Burkina Faso military junta expels two French journalists without explanation.

Burkina Faso military junta expels two French journalists without explanation.

Le Monde and Liberation newspapers reported that Sophie Douce, a French journalist for Le Monde, and Agnes Faivre, a correspondent for Liberation, were told to leave a West African country within 24 hours without any explanation.

Map of Burkina Faso; used for representational purpose. Pic/istock

Military Junta in Burkina Faso Expels French Journalists Without Explanation

The military junta in Burkina Faso has recently expelled two French journalists without any explanation. Sophie Douce, a correspondent for Le Monde, and Agnes Faivre, a correspondent for Liberation, were both given 24 hours to leave the country. Both journalists were separately questioned about their work by state security before being ordered to leave. The director of Le Monde condemned the move, calling it an arbitrary decision that undermines the freedom of the press in the region.

The expulsions come at a time when Burkina Faso has been facing ongoing violence caused by jihadi fighters affiliated with al-Qaida and the Islamic State group. The violent insurgency has been going on for seven years, killing thousands and displacing nearly 2 million people. The violence has led to the destabilisation and division of the once peaceful country in the Sahel region, leading to two coups in the past year.

This is not the first time that the military junta in Burkina Faso has targeted journalists and media outlets. In March, a Sahel consultant for the International Crisis Group was arrested and detained for two days by authorities and questioned about his work. In December, the government expelled the top UN official in the country and weeks later ordered France to recall its ambassador.

These expulsions and other actions against journalists and media outlets raise serious concerns about the state of press freedom and civic freedoms in Burkina Faso under the military junta. It is important for the international community to speak out against such actions and support the rights of journalists to report freely and without fear of reprisal.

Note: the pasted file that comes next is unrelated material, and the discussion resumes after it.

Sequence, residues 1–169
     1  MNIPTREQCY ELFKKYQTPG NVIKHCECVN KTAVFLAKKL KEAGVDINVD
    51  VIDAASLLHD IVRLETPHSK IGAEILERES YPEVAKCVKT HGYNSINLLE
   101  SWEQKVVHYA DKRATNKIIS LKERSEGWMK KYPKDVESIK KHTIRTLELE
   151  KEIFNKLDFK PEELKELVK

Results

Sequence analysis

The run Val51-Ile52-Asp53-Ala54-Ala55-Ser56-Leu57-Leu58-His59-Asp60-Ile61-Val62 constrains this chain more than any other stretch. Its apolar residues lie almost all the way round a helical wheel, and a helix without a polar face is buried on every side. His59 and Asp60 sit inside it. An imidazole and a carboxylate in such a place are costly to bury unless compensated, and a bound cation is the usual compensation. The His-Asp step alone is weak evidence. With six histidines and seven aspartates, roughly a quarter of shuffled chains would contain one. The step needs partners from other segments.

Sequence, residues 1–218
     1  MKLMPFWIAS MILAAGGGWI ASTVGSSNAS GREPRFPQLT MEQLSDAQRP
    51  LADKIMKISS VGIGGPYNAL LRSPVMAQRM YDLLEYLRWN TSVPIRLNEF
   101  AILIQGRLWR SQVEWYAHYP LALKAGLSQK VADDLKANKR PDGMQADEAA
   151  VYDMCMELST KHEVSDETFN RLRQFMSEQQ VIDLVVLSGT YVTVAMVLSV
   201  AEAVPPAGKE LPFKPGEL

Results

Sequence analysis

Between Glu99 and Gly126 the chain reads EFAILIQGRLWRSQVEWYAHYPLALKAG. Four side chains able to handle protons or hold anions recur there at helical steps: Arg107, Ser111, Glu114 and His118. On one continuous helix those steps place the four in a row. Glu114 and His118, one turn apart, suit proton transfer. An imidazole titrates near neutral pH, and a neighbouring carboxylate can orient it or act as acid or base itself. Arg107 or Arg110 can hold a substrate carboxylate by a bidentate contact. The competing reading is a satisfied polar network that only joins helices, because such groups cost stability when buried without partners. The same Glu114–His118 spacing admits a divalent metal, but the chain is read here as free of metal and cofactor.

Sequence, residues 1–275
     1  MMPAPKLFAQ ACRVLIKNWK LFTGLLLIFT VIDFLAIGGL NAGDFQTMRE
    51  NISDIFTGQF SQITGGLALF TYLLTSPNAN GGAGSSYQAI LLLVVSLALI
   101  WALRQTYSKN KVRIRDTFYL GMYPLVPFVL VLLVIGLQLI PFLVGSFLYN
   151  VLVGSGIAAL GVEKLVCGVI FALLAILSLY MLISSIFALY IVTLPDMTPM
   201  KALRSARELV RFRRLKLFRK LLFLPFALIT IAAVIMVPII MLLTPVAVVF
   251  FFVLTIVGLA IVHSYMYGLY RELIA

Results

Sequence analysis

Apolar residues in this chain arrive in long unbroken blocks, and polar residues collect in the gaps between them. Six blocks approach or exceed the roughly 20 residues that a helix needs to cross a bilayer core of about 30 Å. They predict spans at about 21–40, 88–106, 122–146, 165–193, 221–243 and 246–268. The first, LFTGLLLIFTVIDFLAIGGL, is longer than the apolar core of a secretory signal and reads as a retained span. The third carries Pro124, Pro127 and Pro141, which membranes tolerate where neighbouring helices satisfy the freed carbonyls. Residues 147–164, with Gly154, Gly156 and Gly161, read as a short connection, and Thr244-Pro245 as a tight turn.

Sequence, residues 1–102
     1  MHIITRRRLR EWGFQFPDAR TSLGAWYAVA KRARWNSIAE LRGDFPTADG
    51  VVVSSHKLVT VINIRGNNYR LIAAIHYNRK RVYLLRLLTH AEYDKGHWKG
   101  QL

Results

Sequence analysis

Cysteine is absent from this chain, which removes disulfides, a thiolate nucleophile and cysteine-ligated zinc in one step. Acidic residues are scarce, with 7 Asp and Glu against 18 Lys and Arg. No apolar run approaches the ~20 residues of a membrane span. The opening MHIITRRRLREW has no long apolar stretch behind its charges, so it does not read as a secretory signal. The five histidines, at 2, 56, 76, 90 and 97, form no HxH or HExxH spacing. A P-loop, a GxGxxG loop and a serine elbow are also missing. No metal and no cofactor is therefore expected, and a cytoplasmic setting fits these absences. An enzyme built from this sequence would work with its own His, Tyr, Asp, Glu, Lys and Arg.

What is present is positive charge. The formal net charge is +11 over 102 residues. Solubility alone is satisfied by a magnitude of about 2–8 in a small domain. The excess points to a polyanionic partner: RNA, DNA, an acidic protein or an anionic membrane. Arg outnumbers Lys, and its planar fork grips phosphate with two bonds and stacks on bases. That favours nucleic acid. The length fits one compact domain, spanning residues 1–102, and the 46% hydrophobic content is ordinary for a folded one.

When asked about the expulsion of journalists, the government did not provide a response, but it came shortly after Liberation published an investigation into children being executed in a military barracks in the country’s north.

The government accused the French publication of manipulating the situation for political purposes and claimed that the reporters lacked knowledge of the reality on the ground. The AP later published their own findings, which supported Liberation’s report. Agnes Faivre and Laurence Drouet, also known as Douce, were both experienced journalists who had been covering Burkina Faso’s humanitarian crisis and security threat. Their expulsion was criticized by their respective publications, who praised their professionalism and integrity.

Human rights groups have condemned the government’s actions, including the use of complex accreditation processes that hinder journalistic work and threaten the protection of sources.

The expulsion of these journalists is seen as part of the government’s efforts to control independent media and promote a pro-junta narrative.

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